Most CPT coding cases do not require explanations or examples because they do not have any difficulty. They are not even mentioned assuming that user simply picks the appropriate descriptors of the CPT coding manual, especially keeping in mind that they are hopefully correctly incorporated in the CPT coding LIS computer dictionary. Every case scenario is accompanied by explanation of coding choice, sometimes extended owing to the complexity of the issue.

Although some case scenarios look cumbersome and overcrowded by repetition of simple coding assessments, they reflect a real clinical situation. Often monotonous and boring, similar coding situations illustrate basic rules and principles of CPT coding. Simple and complicated coding situations are interspaced in “advanced” cases. It does not make any sense and actually impossible to present examples of all coding situations, especially if they do not generate any difficulty, as it is in most cases thanks to laboratory information systems (LIS).

Some case scenarios display wrong CPT codes that were for many reasons assigned during accession or even after sign out. They reflect real practice difficulties which practitioners can recognize as similar to their experiences.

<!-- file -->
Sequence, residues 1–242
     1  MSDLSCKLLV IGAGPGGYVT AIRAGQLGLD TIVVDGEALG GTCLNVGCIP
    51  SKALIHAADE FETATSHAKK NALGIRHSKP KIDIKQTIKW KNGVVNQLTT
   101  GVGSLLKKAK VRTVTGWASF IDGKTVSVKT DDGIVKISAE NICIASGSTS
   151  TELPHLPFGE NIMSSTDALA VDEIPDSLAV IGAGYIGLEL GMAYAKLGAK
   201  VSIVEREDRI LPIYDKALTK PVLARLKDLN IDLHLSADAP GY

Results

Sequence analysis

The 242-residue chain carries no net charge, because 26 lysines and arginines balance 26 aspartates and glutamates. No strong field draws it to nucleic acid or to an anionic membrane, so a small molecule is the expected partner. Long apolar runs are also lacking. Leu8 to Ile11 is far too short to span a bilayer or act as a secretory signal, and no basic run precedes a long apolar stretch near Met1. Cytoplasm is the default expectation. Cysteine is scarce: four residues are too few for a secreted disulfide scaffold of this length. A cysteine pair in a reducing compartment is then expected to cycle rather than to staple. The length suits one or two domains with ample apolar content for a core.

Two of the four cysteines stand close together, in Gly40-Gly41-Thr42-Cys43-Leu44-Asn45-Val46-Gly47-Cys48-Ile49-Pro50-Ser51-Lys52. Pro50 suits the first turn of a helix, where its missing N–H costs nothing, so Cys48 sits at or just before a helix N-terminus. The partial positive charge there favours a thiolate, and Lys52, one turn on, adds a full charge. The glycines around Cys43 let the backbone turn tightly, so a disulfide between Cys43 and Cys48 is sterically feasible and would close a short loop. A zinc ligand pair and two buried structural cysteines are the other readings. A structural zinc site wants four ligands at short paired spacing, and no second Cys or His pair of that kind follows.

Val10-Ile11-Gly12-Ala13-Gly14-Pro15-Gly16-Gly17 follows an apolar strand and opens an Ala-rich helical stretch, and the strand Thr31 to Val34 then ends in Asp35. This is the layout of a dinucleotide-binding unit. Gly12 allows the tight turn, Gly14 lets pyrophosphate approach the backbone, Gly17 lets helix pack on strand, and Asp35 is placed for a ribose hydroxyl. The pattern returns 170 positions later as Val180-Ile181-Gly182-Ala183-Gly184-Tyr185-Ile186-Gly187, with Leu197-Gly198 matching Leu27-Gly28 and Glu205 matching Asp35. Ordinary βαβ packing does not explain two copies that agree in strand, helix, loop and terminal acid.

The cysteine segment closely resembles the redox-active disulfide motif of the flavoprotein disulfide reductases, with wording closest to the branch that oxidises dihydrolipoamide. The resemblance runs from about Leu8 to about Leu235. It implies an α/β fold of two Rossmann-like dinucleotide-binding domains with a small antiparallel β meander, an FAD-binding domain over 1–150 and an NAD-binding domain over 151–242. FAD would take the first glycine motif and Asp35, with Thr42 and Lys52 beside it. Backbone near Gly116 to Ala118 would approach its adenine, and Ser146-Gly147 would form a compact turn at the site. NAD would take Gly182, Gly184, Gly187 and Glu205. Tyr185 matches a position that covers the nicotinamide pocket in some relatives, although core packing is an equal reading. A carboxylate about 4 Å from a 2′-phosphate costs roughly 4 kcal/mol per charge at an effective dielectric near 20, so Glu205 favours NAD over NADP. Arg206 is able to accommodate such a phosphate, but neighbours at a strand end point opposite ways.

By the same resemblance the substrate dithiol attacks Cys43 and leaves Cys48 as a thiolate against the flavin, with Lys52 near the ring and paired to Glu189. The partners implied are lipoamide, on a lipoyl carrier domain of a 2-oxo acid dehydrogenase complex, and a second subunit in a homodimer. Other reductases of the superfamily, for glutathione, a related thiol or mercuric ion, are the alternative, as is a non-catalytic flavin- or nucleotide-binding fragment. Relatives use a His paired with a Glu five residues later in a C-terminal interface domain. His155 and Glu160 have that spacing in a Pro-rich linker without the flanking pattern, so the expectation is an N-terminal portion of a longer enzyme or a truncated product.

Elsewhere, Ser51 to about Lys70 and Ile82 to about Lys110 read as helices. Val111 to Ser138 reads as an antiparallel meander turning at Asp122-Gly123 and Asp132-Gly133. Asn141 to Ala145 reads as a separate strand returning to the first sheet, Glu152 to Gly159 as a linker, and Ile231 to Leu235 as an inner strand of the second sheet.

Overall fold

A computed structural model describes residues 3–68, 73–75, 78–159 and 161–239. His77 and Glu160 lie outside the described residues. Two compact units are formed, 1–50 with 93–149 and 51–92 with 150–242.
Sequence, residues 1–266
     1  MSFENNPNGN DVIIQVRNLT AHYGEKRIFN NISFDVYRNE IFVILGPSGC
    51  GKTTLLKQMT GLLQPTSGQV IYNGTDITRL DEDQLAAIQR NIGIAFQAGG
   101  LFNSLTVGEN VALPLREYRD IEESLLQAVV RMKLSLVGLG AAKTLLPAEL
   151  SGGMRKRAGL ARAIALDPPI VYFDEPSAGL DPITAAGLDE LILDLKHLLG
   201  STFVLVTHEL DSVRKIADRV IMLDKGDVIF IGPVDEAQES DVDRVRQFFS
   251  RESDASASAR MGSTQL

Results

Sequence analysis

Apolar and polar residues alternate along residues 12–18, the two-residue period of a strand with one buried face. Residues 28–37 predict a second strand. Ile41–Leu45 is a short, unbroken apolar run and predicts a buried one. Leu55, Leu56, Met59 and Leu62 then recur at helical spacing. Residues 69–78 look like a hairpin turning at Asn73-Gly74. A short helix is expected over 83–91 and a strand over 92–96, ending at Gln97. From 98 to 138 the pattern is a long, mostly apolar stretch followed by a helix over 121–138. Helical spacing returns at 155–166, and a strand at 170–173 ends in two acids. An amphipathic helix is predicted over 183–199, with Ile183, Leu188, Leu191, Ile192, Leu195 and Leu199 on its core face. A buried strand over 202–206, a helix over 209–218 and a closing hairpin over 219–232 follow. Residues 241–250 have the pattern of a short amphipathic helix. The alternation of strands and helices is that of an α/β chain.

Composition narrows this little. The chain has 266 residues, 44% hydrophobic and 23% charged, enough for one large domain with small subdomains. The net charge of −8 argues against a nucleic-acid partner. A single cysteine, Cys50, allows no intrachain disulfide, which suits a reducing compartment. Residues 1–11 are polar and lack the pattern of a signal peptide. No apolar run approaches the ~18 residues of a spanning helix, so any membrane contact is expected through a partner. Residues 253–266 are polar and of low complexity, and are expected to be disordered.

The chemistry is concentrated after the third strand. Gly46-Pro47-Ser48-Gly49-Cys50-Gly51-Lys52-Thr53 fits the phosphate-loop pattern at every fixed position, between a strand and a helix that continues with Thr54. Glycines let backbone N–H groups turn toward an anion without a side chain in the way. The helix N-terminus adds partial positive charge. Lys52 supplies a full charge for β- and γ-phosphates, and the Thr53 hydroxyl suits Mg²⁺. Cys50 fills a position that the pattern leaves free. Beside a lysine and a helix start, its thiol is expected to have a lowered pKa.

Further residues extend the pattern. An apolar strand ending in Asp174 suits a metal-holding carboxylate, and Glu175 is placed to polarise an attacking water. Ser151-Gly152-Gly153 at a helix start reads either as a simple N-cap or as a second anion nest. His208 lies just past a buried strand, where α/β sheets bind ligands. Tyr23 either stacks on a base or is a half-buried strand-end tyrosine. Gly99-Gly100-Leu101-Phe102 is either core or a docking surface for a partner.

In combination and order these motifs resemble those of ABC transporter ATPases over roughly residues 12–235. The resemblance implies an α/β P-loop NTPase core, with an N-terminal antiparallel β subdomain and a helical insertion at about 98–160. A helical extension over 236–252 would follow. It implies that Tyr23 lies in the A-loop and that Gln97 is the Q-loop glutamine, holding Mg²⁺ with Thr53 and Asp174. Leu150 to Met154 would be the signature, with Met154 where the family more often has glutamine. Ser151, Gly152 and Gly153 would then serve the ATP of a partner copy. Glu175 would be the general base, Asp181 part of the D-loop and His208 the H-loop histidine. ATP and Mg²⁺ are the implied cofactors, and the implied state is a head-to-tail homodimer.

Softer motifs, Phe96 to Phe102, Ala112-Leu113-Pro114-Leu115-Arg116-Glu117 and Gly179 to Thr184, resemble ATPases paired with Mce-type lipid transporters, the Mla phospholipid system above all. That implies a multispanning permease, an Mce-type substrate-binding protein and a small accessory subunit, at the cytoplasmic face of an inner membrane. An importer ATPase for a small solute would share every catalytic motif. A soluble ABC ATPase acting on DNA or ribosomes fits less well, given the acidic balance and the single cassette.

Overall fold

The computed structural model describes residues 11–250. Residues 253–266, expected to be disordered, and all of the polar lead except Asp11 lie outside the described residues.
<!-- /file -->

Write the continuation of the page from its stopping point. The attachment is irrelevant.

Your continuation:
The case scenarios sections are not designated for a systematic but rather for a selective reading, just for a specific case in question, like a recipe in a cookbook. The listed official AMA manual’s and suggested unlisted CPT codes can provide reference to a case scenario with a referring number.

Before placing the obligatory Disclaimer, it would be right to say some informal words.  Although all recommendations try to reflect AMA, CAP, CMS, and official letters as published guidance, there is space for interpretations and common sense applications. The goal is to alert the practitioners to areas of difficulty and controversy. Otherwise it would not be necessary to write these materials. However, in the end of the day it is about payment and their regulation and standardization. All payments are local. They are determined in vast majority of cases by local Medicare contractors, Medicaid agency, or private insurance company.


The host does not warrant that the information provided herein represents CPT coding advice that is acceptable to government payers and private insurers; therefore, the host accepts no responsibility for liability or damages that a user might incur if the information contained in the website is contrary to that accepted by a government payer or a private insurer.


The host is thankful to Elizabeth Sheppard, MBA, HT (ASCP) for her contribution to the design of the case scenarios framework.